SLOW DOWN – YOU MOVE TOO FAST!
Because North Coast Church has been somewhat innovative over the years and successfully made lots of changes, I’m often asked by other pastors and leaders about the best way to go about making major organizational and ministry changes.
My answer often surprises them. I usually tell them to, “Slow down.” It’s not what they expect from someone with a reputation as an innovator. Now let me be clear. I don’t tell them to stop. No way. But I often tell them to slow down. And here’s why.
Most future oriented leaders are so dialed in on creating the future that they fail to realize some parts of the past aren’t yet ready to be put out to pasture. They remind me of an impatient homeowner who digs up the crabgrass one weekend and immediately lays down beautiful new sod. The lawn might look great for a few weeks. But it won’t be long until the crabgrass takes over again.
You have to slow down and make sure the crabgrass is actually dead and the roots completely killed off if you want the new lawn to look good for the long-haul. The same is true when it comes to making major changes in an organization or ministry. It takes time for the old to die off at the root level, and it takes time for the new to establish its own root system.
Let’s take the case of a traditional church with a smorgasbord of ministries attempting to become a church with a laser-like focus on small groups. That’s a significant change. To successfully pull it off, lots of competing programs and ministries will have to put to rest. But if the pastor and leadership team try to do so too quickly, it won’t push people into small groups. It will push them to another church, or no church at all.
So what do you do when major changes are desperately needed but the roots of the past run deep?
It all starts with some careful triaging.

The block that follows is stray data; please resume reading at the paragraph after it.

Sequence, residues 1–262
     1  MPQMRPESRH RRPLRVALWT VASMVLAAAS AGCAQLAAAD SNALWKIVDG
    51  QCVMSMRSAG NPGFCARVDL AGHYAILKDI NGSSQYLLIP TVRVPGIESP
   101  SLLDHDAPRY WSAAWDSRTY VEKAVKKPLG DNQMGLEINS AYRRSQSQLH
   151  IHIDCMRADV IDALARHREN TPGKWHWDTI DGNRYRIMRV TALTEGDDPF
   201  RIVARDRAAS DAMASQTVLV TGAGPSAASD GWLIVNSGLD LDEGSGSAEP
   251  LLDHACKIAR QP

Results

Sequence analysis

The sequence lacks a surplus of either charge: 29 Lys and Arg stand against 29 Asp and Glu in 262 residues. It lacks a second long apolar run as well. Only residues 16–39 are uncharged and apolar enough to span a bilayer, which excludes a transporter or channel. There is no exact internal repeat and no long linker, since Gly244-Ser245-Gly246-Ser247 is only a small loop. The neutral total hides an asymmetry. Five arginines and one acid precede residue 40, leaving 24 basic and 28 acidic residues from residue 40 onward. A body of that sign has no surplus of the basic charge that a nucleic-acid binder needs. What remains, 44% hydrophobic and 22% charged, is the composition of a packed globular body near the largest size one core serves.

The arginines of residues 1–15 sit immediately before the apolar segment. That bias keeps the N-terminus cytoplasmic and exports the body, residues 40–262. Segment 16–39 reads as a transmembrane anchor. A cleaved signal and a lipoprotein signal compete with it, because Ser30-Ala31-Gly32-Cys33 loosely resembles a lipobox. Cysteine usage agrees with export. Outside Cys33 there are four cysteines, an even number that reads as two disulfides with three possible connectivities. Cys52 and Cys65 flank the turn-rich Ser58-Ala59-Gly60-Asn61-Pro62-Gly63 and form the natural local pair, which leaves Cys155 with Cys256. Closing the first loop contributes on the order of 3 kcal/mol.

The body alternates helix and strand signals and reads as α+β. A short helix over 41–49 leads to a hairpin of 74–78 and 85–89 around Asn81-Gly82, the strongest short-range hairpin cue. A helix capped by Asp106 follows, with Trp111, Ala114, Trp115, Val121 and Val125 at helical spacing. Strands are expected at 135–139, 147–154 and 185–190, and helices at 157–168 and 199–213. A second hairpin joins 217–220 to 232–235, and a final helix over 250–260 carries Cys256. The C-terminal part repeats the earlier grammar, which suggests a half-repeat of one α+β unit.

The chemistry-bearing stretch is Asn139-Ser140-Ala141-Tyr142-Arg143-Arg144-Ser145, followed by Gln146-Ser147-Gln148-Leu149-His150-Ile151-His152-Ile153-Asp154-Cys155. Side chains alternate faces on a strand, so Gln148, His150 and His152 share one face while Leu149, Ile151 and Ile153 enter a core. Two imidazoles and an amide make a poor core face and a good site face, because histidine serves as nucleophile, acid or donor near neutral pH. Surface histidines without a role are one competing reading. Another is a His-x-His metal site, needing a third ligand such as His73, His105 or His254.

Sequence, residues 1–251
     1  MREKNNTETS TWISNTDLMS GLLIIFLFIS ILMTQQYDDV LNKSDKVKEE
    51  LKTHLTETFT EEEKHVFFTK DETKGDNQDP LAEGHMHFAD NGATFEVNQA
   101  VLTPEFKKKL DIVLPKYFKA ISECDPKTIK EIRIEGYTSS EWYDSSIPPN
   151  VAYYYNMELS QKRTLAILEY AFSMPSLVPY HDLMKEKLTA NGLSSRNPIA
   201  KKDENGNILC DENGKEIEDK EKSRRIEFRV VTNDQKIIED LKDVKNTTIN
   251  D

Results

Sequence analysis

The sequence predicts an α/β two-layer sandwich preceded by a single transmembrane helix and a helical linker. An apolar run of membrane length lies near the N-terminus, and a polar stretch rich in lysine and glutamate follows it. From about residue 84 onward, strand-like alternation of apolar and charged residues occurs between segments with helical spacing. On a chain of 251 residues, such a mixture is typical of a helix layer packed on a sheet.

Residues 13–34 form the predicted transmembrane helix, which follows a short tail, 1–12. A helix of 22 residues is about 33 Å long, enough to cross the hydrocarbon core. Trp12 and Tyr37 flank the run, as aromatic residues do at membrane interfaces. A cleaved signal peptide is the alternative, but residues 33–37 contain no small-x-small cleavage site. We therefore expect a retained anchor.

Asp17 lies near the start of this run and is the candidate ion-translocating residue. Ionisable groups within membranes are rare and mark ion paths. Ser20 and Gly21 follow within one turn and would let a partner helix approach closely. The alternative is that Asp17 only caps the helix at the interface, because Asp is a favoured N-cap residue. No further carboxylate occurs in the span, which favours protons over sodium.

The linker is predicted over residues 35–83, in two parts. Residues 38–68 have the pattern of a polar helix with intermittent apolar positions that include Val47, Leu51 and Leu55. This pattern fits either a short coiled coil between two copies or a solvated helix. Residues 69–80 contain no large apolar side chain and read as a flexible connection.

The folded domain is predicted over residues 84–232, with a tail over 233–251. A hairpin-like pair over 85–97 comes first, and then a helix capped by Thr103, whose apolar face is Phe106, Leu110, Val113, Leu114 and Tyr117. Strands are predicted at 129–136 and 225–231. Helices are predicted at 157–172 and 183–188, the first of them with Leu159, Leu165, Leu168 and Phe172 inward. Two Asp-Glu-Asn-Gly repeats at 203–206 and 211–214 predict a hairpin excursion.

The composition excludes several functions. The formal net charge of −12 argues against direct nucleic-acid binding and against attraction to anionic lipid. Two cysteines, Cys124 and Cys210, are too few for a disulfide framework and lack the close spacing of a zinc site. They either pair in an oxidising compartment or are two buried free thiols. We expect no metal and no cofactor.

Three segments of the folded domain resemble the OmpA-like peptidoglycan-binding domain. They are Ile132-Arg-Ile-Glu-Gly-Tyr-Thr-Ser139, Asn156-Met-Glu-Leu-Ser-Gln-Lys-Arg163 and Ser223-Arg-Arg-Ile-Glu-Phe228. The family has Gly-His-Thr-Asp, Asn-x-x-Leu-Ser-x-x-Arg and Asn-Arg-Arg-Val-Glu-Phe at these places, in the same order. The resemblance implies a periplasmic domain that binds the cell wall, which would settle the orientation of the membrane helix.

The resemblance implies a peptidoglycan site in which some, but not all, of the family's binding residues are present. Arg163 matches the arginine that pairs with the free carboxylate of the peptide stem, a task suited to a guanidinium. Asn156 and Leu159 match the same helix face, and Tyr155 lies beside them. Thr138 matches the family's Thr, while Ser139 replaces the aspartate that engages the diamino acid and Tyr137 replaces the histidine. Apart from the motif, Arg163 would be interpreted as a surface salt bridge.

First, identify and bury any programs and ministries that are already long-dead. Same for those on life support. Pull the plug and give them a nice Christian burial. Yes, you’ll get some push back and complaints. Count on it. But that’s the price of leadership. Every ministry (even long dead ones) have their fans. But you have to bury the dead or they’ll stink up the place.
Second, identify and starve any programs that aren’t yet dead, but need to die. These are the ministries and programs that no longer fulfill their mission, siphon off precious resources and energy, but still have too many raving fans to do away with. You starve them by limiting their budget, staffing, exposure, and marketing. While that too will create some push-back and low-level frustration, you have to do it or you’ll never have enough resources and energy to create the future.
Third, identify and leave alone those programs and ministries that are slightly off mission but still make a significant difference in the lives of people. This is a step often ignored (and even criticized) by those who are most impatient and impulsive about creating the future. But those who move too quickly to kill off something that is still working well in order to replace it with something they’re convinced will work better often end up sabotaging the future by crystalizing the opposition to it. Even if it slows down the transition to your preferred future, allow those ministries and programs that are still working well to live out their usefulness and die a natural death. It will increase your own longevity as well.
Finally, identify and feed the future. Resource the things you most want to succeed. Do so lavishly. Then step back and wait patiently while they establish their own roots deep into your organization. If you’re right about a new program, ministry, or focus, and it really is the key to the future, it will grow strong and crowd out its competitors. And ironically, someday, future leaders may well see it as the crabgrass that needs to be killed off and rooted out so that they can plant a new lawn in its place.
But that’s the way it is with change and innovation. Yesterday’s solution is often today’s obstacle. And today’s solution will often become tomorrow’s problem. Which explains why my Bible favorite verse is, “Blessed are the flexible, they will survive.” I haven’t actually found it yet. But I know it must be in there somewhere.